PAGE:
Like some others have cautioned, we're anticipating that the pace of any work he does will likely be very slow.  My mother stayed home full-time and I saw how hard it was for her to get any kind of long-term projects completed, because there were so many competing demands on her time.  In our case, our timeline is such that by the time he would be quitting his full-time career, we would have hit our minimum FI target, and my income is enough to cover all of our basic living expenses, so there would not be a lot of pressure for his efforts to yield an immediate profit, as long as he wasn't losing a bunch of money!

COMO

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Re: Stay at home Dad?
« Reply #5 on: September 01, 2013, 05:49:22 PM »
Yeah I am probably being pretty ambitious.  The majority of my work would probably occur on my DW days off.  She only works 3-4 days a week.  I have currently remodeled a repo while working a full time and a part time job.  That being said I don't anticipate getting much done in the evenings because of noise and sleep schedule.  Also I was wondering the legality of the following.  In the area I am looking they currently allow garage apartments to be built if the lot is big enough to accommodate.  Assuming all the i's are dotted and t's are crossed i thought about buying a place to build and apartment on in the back.  Then allowing us to live there during the major projects such as kitchens and bathroom remodels.  When done we could either rent the apartment or use it for visiting people.  The houses are close to the college.  I figure the mother in law sweet or rental would increase property value and maybe keep us sane through the major renovation.  Does this make sense.  Would I have legal problems with the 2 year rule.  Thanks for all the info.  We are currently a ways off but I have started looking at properties.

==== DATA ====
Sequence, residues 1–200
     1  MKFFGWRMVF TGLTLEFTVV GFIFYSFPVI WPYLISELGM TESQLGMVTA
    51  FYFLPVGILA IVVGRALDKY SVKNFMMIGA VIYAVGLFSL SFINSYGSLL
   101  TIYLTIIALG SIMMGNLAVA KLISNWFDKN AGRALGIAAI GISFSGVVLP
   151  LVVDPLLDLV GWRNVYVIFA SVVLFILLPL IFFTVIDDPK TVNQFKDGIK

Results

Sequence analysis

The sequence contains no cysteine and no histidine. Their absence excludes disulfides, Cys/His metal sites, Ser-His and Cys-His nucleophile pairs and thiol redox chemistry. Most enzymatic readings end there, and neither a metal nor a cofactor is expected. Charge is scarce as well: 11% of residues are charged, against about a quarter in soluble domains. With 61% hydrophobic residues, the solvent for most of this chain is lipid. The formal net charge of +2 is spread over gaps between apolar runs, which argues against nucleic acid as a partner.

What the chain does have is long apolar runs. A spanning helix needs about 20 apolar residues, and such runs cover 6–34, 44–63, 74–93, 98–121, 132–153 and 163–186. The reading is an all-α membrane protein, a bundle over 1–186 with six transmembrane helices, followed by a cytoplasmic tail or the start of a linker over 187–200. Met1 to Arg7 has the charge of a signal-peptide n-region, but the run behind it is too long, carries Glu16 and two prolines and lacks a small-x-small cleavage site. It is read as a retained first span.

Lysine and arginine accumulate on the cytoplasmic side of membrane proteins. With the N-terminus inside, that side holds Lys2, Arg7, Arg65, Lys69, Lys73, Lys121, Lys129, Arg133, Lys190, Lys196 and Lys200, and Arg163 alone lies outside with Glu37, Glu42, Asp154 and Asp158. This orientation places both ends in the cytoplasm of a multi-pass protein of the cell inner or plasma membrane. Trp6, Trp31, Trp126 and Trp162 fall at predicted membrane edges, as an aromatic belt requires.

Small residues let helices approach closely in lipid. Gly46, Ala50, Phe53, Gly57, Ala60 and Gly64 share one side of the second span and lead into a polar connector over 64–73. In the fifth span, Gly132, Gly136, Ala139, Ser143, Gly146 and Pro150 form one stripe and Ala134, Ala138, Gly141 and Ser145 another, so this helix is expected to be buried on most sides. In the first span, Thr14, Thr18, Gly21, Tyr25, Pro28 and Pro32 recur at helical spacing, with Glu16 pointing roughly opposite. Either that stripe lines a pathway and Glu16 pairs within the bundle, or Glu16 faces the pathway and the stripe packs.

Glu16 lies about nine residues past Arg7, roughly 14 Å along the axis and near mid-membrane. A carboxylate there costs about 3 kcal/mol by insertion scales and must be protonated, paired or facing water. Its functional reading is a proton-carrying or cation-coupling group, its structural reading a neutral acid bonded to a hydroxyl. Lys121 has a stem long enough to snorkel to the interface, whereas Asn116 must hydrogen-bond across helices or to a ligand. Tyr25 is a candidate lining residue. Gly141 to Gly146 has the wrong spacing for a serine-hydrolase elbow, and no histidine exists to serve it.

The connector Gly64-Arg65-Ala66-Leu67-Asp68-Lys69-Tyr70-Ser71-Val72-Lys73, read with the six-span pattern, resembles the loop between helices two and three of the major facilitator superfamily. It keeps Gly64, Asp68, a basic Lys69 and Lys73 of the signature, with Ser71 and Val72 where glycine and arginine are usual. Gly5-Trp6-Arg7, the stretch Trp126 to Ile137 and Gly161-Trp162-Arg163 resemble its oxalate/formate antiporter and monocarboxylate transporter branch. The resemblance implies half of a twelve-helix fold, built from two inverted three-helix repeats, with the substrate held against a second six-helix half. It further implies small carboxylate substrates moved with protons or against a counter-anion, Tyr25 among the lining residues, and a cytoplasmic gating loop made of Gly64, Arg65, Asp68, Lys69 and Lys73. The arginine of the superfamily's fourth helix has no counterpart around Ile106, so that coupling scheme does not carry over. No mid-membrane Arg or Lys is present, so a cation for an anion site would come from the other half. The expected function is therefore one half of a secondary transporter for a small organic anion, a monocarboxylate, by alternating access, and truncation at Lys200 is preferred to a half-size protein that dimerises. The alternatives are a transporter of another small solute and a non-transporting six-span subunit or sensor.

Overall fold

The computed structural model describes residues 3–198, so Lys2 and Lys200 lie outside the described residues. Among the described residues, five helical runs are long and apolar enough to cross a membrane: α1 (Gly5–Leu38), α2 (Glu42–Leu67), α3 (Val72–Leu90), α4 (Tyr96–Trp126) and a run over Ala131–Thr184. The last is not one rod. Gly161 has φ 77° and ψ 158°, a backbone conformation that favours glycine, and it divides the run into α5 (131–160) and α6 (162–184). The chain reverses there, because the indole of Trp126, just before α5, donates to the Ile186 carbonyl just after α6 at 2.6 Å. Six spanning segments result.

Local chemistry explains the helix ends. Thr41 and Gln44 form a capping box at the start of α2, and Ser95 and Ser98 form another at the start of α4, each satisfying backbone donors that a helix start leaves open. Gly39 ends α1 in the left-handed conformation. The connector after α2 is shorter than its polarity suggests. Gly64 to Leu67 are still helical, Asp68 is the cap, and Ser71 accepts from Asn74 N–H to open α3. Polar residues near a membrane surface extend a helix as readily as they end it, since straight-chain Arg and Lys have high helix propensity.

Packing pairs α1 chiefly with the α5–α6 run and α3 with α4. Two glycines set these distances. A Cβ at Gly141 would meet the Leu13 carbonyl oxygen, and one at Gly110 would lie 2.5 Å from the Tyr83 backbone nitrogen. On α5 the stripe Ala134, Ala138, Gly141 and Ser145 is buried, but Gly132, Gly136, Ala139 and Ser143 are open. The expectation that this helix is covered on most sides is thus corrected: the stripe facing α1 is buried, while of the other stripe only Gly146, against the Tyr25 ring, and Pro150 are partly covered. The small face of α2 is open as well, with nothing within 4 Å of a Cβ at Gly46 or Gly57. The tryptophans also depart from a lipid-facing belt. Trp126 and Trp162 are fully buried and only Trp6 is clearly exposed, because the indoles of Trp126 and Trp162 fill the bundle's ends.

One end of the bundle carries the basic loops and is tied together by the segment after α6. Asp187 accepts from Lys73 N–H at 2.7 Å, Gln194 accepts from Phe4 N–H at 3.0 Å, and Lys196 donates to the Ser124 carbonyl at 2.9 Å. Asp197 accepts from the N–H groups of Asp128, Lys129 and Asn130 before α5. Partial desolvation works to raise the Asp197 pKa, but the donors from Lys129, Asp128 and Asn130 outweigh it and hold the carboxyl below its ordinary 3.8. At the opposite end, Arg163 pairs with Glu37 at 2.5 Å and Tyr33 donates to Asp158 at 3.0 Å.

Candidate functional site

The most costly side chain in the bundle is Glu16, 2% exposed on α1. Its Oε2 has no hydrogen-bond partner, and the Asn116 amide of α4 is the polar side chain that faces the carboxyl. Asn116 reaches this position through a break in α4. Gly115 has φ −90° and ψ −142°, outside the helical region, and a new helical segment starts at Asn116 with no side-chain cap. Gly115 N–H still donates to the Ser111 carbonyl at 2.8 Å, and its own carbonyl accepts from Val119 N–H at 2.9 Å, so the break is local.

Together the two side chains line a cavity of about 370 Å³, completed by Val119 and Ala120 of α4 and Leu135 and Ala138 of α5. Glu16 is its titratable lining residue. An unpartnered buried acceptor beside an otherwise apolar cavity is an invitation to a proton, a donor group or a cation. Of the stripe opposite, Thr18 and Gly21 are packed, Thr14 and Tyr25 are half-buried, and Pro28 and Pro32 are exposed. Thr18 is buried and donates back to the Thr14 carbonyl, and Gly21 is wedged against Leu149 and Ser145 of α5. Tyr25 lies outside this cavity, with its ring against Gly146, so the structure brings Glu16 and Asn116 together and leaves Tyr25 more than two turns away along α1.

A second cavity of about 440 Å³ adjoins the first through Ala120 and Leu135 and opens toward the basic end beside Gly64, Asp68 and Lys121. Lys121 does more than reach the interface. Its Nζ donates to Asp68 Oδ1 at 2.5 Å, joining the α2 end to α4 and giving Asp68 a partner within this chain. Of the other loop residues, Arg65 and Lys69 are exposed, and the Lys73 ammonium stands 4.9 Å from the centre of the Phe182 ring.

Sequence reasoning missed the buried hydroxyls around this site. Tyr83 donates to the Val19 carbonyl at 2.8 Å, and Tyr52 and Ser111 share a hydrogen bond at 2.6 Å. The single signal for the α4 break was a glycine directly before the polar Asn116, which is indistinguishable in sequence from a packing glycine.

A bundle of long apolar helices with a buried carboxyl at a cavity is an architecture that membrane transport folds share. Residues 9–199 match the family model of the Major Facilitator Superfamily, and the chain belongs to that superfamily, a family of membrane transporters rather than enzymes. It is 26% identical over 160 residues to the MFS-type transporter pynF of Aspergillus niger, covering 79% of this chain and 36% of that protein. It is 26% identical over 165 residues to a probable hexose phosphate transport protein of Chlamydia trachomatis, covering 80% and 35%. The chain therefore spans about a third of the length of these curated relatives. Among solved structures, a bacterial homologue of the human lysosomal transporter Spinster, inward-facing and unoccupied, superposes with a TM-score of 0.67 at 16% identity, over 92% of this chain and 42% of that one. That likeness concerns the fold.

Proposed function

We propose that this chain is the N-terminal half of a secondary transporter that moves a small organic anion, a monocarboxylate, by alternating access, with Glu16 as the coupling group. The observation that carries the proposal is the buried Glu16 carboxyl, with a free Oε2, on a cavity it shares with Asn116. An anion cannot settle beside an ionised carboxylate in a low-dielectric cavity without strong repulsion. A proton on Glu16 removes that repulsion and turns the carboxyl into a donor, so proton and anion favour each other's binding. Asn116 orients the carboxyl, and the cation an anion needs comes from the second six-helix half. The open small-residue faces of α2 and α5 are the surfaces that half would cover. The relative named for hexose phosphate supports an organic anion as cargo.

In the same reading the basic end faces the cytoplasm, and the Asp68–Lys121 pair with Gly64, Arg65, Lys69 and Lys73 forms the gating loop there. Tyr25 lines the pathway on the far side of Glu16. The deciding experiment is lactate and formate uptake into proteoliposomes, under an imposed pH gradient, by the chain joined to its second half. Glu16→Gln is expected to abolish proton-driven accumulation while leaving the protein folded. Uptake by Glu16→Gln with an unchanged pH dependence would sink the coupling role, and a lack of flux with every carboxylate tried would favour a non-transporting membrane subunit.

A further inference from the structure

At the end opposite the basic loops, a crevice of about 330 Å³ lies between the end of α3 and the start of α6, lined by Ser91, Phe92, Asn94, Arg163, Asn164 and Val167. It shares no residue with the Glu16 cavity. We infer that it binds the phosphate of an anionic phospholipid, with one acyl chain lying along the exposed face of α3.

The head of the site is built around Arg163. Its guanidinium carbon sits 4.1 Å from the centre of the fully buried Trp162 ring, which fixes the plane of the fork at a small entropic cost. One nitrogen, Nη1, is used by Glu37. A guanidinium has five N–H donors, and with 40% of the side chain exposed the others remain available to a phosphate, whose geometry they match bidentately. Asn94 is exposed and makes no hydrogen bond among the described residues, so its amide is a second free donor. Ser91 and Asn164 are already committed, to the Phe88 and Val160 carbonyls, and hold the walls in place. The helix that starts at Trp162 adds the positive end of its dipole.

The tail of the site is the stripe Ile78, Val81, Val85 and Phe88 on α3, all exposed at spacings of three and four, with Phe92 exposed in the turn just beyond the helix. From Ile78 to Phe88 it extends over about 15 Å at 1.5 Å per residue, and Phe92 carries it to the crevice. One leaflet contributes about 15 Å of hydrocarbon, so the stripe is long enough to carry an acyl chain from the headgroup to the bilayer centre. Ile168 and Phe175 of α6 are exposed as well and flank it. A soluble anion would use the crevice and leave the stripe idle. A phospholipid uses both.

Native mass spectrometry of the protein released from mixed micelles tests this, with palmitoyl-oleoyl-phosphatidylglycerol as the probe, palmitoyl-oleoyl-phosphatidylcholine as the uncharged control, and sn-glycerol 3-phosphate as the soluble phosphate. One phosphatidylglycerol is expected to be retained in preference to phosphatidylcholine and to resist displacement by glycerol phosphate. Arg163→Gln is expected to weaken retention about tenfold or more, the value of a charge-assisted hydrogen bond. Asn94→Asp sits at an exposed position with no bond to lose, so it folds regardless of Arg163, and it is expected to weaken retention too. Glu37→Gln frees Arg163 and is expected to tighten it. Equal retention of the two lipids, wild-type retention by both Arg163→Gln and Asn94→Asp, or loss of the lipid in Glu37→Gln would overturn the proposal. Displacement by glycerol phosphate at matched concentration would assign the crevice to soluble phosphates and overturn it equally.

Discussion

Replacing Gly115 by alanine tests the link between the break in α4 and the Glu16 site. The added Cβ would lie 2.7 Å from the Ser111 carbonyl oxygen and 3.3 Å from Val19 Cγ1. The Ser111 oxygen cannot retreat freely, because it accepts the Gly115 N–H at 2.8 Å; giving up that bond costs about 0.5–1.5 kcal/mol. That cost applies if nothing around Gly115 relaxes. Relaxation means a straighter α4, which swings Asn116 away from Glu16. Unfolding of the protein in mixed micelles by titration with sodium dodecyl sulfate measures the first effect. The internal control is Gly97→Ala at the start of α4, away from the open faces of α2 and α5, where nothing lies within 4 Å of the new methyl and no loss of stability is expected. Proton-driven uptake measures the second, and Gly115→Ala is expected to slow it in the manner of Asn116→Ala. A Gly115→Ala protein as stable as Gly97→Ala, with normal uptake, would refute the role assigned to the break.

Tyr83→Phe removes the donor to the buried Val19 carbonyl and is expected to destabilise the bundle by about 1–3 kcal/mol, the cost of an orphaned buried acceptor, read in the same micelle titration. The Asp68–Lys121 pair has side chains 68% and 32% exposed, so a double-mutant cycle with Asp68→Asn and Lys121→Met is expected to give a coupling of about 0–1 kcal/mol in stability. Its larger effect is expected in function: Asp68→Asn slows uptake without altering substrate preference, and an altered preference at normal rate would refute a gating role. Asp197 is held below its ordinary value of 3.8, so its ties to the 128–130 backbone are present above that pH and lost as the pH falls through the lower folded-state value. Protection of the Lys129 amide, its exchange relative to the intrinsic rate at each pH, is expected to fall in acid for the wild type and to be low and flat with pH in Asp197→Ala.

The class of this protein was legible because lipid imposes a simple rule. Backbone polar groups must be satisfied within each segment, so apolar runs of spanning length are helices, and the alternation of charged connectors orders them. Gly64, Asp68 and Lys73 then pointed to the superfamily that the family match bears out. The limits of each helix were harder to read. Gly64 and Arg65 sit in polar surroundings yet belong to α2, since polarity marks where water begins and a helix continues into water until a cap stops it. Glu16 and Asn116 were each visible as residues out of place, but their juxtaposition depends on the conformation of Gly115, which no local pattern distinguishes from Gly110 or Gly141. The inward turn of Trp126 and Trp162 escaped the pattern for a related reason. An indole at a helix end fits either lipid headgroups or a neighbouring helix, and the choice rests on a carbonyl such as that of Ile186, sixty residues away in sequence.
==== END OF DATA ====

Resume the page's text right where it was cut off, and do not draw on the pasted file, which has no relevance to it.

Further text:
Thanks again